I can't believe it's almost August. How my life has changed in mid-May. With the brutal heat we've had this summer and extenuating circumstances requiring close proximity to the fridge, the bed, and the bathroom, I've spent most of my days inside the house with "The Beast" - tending to his needs, watching a bit of cable, and trying to sneak in a nap or wolf down some food here and there. I'm luckier than some in that ZP is healthy, happy, and actually sleeps at night rather than all day long and that TP's office is close enough that he can, on occassion, come home for lunch and relieve me long enough to shower or eat. It will be strange when, in a few weeks, I'll be returning to work part-time and then full-time. I'm a bit nervous about it. Will I remember anything about trademark law at all? Will I be able to bear being away from my baby for so long? Will I have any free time in my life after this? It's all so up in the air right now. I guess time will tell. Wish me luck!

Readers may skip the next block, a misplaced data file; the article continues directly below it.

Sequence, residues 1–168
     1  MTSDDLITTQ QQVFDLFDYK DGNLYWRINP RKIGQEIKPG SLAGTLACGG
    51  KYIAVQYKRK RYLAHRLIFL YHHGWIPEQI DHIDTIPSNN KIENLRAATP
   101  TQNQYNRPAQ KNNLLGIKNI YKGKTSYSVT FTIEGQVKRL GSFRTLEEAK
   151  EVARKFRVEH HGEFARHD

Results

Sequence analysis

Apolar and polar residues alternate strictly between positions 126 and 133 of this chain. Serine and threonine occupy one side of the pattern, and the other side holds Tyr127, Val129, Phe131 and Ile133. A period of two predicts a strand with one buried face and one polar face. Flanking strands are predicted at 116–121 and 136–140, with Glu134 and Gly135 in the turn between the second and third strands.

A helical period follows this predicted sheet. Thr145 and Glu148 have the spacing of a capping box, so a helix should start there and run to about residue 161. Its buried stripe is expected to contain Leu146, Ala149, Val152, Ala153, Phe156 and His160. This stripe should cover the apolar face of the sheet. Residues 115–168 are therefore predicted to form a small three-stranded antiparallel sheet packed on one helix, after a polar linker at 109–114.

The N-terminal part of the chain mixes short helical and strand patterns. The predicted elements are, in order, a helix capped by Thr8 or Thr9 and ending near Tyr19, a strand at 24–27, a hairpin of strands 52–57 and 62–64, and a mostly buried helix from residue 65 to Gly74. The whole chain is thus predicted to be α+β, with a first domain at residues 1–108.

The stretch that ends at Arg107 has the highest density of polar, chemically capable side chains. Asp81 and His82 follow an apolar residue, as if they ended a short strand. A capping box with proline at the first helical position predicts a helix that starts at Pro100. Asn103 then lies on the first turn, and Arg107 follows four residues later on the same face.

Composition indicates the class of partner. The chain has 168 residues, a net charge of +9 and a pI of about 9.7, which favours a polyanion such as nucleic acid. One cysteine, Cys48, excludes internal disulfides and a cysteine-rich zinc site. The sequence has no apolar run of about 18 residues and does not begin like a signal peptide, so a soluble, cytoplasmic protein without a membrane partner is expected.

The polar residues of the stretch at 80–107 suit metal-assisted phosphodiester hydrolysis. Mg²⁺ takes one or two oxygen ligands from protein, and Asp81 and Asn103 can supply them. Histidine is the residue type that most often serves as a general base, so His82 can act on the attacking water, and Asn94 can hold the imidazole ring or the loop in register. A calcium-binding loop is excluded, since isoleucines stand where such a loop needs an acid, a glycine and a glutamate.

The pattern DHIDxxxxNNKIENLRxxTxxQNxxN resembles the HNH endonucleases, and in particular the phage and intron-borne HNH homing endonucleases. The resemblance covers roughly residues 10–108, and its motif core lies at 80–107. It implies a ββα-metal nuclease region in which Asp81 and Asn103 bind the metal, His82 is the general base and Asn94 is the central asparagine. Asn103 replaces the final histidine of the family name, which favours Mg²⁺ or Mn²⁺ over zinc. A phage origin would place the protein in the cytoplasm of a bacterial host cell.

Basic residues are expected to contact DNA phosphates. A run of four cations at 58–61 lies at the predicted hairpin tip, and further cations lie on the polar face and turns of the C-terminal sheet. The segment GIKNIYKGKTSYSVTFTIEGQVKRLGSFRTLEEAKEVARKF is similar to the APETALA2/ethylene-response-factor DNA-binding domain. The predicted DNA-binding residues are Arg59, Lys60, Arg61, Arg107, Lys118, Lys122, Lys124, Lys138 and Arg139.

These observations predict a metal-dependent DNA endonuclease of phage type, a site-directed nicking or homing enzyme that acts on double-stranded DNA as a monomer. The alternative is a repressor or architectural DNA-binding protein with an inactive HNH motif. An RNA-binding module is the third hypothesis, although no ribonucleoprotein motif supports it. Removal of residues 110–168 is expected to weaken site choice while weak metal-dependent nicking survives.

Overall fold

Yay for Chai's and Literaunty's visit this weekend - they made excellent babysitters and chefs. And yay for Uncle Y's surprise visit as well - he made a great arm chair (literarily) for ZP. And yay for ZP for braving his doctor's visit despite the indignity of getting totally undressed and man-handled and also getting jabbed three times with a needle.


MIL and FIL came to visit this weekend. [radio edit]. We got along nicely and now, before you know it, like Kaiser Soze (*puff*), they're gone.


I think you'll agree that my wee one has gotten the monkey part of his robot monkey pirate heritage down pat. Just gotta work on the robot and pirate parts. Please send all bionic parts and eyepatches to DC pronto. That is all.


The beast sleeps! Only have time enough for bullet points. Ready, go:
  • Still in the process of unpacking and arranging the house, but managed to get some artwork on the walls, the books semi-organized, and found 100 euros in a French phrase book!
  • Managed to go to a birthday party with ZP and had a good time, good food, and hand-me-downs galore.
  • Speaking of "galore," am reading "The Princess Bride" to ZP and am enjoying it as much as he seems to be.
  • Haven't gotten my hair cut since the winter months but once Cybermom returns, plan to do so, along with some clothes shopping, some lunching, and some napping.